"I believe in one God, the Father Almighty, Maker of heaven and earth, and of all things visible and invisible ...."
It's Lent, and our congregation is collectively reciting the Nicene Creed. Without warning, four pews forward, he collapsed. From standing tall with voice strong, he buckled. His wife caught his fall, guiding him to a supine position on the pew. I, and others, rushed forward to aid.
"Who, for us men and for our salvation, came down from heaven, and was incarnate by the Holy Spirit of the virgin Mary ...."
"Call 911!" She looked up at us, and past us, and through time — and held her beloved husband tightly close. "Call 911," she pleaded.
Intense love facing unexpected dread. Her husband and soulmate of decades lay motionless, ashen. This had happened too fast, without warning. Just two or three seconds — and everything had changed.
"He shall come again, with glory, to judge the quick and the dead ...."
Precious seconds ticked by. Then, as quickly as he fell, he startled and sat up. More embarrassed than concerned, he waved us he was OK, no problem. Always strong in faith and deed, he stoically rejoined the reading.
He was all right, he protested to his wife. But she wasn't taking chances; neither was a concerned congregation. We assisted him to the lobby for care. Moments later I looked back and was amazed to see fire department medics already administering aid. How could they have arrived so quickly? Just short minutes from first need, he was already surrounded by emergency professionals.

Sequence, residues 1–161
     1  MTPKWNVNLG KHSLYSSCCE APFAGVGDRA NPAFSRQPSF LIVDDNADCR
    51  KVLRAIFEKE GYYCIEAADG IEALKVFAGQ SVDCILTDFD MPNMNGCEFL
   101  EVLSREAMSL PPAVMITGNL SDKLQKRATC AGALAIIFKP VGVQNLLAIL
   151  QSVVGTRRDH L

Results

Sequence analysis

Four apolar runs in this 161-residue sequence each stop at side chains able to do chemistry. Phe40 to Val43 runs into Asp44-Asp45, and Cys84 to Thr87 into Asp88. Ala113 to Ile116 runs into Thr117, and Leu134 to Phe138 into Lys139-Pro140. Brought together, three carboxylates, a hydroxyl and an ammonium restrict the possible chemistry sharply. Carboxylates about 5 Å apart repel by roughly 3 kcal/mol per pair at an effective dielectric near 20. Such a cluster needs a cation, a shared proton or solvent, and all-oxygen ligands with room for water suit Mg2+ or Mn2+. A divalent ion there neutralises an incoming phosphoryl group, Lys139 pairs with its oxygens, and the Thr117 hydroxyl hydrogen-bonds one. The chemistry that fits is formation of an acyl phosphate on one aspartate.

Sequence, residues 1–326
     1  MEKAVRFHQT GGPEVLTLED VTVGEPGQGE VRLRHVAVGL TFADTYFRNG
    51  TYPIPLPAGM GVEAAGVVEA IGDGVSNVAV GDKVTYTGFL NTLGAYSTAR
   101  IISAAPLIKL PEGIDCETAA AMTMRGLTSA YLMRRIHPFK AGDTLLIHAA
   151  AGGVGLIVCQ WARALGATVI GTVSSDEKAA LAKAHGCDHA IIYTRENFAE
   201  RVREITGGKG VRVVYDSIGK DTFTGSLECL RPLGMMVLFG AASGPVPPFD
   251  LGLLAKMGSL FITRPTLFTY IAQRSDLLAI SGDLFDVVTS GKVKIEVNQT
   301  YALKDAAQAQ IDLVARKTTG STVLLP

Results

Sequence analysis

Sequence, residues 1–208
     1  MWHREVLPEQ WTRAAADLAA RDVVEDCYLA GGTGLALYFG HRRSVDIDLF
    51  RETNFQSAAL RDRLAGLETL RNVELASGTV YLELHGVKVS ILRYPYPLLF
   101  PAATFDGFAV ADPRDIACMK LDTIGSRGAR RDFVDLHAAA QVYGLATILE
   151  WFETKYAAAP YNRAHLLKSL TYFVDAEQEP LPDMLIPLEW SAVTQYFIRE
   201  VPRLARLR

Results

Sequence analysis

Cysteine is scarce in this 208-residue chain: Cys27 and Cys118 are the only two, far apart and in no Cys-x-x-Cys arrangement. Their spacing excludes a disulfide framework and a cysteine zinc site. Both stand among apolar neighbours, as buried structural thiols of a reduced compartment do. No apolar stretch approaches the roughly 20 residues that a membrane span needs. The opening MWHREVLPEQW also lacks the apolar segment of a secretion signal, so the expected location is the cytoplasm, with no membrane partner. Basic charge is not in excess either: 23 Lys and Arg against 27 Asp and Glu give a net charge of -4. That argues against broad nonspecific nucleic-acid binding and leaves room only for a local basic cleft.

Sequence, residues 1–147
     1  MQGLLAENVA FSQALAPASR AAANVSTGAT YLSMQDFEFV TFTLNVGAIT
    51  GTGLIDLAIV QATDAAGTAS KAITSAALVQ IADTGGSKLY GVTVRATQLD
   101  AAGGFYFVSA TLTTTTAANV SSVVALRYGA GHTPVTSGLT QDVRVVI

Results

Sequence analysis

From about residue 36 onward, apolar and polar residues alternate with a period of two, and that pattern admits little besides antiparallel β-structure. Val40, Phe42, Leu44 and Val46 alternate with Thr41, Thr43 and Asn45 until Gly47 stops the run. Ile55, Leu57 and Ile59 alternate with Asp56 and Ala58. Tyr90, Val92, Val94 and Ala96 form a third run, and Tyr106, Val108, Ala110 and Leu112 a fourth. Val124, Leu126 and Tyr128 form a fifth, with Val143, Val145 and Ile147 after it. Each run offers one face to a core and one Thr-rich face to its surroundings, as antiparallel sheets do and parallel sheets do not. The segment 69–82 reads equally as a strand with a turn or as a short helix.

This man is our congregation's pillar. He has given huge portions of his life in service here and in distant locales. He counsels inmates in county jails. He builds hospitals in Tanzania. He is dedicated to the betterment of others, especially those most in need. Yet instantly, roles were and reversed and he became the one in need. A humble man, he knew when to accept help. At the conclusion of our service I noticed the emergency medics running heart monitors and IVs. Amazingly efficient care response.
Thankfully, our pillar is now fully recovered. We're relieved, yet reminded how immediately precious our lives and loved ones are. We're reschooled how closely we're sewn together in our journey of life. From congregation drawing close, to fire department rushing lifesaving aid, we're quilted together and born to serve one another.
The event reminds how quickly roles and fortune reverse. One moment we're drivers singing with the radio, and the next we're crash victims. We're dedicated employees one day and pink slip recipients the next. Our retirement savings provide us comfort, but then they vanish. Babies are born, and loved ones suddenly pass. Fast and slow, change always happens. Expected and unexpected, roles reverse, fortunes shift — leaving us reaching out to others when we've so long before been self-sufficient.
A good measure of a church is how it's "there" for congregants and community. The measure of a community is how it, too, is there for its citizens. I was humbled Sunday to witness our common commitment on both counts. God bless people who love. God bless our local fire department and 911 responders.